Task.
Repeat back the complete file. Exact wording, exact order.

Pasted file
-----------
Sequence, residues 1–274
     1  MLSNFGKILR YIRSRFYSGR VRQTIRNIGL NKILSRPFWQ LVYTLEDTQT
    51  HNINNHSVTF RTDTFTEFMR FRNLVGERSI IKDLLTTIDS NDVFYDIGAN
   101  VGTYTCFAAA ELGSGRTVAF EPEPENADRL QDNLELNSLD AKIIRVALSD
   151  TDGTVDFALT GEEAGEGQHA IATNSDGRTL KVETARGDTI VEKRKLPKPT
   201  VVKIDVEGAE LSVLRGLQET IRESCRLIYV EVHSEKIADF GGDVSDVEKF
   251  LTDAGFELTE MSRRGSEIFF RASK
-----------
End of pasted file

Sequence, residues 1–274
     1  MLSNFGKILR YIRSRFYSGR VRQTIRNIGL NKILSRPFWQ LVYTLEDTQT
    51  HNINNHSVTF RTDTFTEFMR FRNLVGERSI IKDLLTTIDS NDVFYDIGAN
   101  VGTYTCFAAA ELGSGRTVAF EPEPENADRL QDNLELNSLD AKIIRVALSD
   151  TDGTVDFALT GEEAGEGQHA IATNSDGRTL KVETARGDTI VEKRKLPKPT
   201  VVKIDVEGAE LSVLRGLQET IRESCRLIYV EVHSEKIADF GGDVSDVEKF
   251  LTDAGFELTE MSRRGSEIFF RASK